Overtime regulations
are changing. We’re
here to help.

Everything you need to know about
the FLSA’s changes—and how it
impacts your business.


What are the FLSA overtime changes?

On May 18th, 2016, the United States Department of Labor (DOL) published details regarding changes to the Fair Labor Standards Act (FLSA) overtime rules. While the job duties component of overtime eligibility will remain the same, the thresholds for the salary tests have changed significantly. The changes will make an estimated 4.2 million additional workers eligible for overtime pay effective on December 1, 2016.*

* A U.S. District Court has temporarily blocked the new overtime rules from going into effect on December 1, 2016. Read the Eye on Washington to learn more.

Who will be newly eligible for overtime pay?

Do the FLSA overtime changes affect me?

The FLSA overtime changes will apply to you if you have any employees who are paid on a salary basis and for whom either of the following statements is true:

Their salary* falls between $23,660 and $47,476 per year and they meet the job duties exemption requirements.

Their salary falls between $100,000 and $134,004 per year and they meet the Highly Compensated Employee (HCE) job duties exemption requirements.

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What do I need to do to comply with
the FLSA overtime changes?

To comply with the FLSA overtime changes, you can either:

Start paying overtime to newly
non-exempt employees.

Increase newly non-exempt
employees' salaries* to the new
proposed minimum.


Which option is best for you?

Here’s a calculator that can help you determine which approach best fits your business and
your labor costs.

Launch the FLSA Overtime Calculator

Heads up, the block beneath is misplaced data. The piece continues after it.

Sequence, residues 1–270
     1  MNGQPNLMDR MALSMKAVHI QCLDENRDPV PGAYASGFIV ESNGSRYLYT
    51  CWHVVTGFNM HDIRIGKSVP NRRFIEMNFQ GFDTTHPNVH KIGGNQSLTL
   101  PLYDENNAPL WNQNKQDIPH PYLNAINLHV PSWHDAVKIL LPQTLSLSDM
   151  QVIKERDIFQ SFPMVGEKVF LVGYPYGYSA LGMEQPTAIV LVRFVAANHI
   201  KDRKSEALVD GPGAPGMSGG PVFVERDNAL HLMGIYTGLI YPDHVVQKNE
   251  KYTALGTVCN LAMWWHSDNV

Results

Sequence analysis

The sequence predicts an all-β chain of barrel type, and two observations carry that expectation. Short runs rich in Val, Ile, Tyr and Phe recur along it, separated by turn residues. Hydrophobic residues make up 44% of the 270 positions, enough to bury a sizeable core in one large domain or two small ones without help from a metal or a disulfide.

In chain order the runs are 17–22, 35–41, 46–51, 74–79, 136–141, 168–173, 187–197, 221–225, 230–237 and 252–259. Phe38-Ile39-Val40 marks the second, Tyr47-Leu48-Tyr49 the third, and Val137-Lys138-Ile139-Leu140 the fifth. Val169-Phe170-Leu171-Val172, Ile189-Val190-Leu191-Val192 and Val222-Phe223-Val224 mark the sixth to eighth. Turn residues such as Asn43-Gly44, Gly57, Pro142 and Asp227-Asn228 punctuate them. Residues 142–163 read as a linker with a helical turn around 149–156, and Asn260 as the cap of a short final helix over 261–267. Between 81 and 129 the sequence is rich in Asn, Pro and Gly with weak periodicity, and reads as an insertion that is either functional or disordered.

When do I need to take action
regarding the FLSA overtime changes?

On November 22, 2016, a federal judge in Texas issued an injunction and temporarily blocked changes to the regulations governing the Fair Labor Standards Act (FLSA) set to go into effect on December 1, 2016. The court’s action stops the overtime rule changes from going into effect nationwide, while the court decides the case.

Get legislative updates from ADP.

ADP’s Eye on Washington newsletter keeps you up-to-date with changing information
that may affect your business.

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FLSA Overtime Changes FAQs

What is the FLSA?

What is the FLSA?

The Fair Labor Standards Act (FLSA), also known as the federal Wage and Hour Law, regulates minimum wage, overtime, equal pay, recordkeeping, and child labor. Under the FLSA, employees are classified as either exempt or non-exempt from minimum wage and overtime.

Some states and local jurisdictions have their own wage and hour laws, which may provide greater protection for employees than what is provided under the FLSA.

Does the FLSA apply to all businesses?

Does the FLSA apply to all businesses?

The FLSA applies to virtually all businesses, including public agencies, and regardless of size.

If my employees are paid a salary, does that mean they are exempt from overtime?

If my employees are paid a salary, does that mean they are exempt from overtime?

Not necessarily. To be classified as exempt, employees must meet all of the following requirements:

  • Paid on a salary basis
  • Paid a salary that meets or exceeds the minimum requirement
  • Paid their full salary in any workweek in which they perform work
  • Perform specific job duties that are considered executive, administrative, professional, computer, or outside sales

What are the job duties exemptions for overtime eligibility?

What are the job duties exemptions for overtime eligibility?

These exemptions are sometimes referred to as “white collar” exemptions. They are determined by an employee’s specific job duties. Each of these exemptions have their own set of requirements, which can be found on the Department of Labor’s website here.

Want help managing FLSA overtime changes?

Now is the time to develop a strategy for complying with the FLSA overtime changes and
controlling overtime costs in your organization. ADP is here to help you sort out the final FLSA
changes, stay on top of compliance, protect your bottom line, and more.

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Additional resources on FLSA

*The Final Rule states that employers will be able to use nondiscretionary bonuses and incentive payments (including commissions)
to satisfy up to 10 percent of the standard salary level.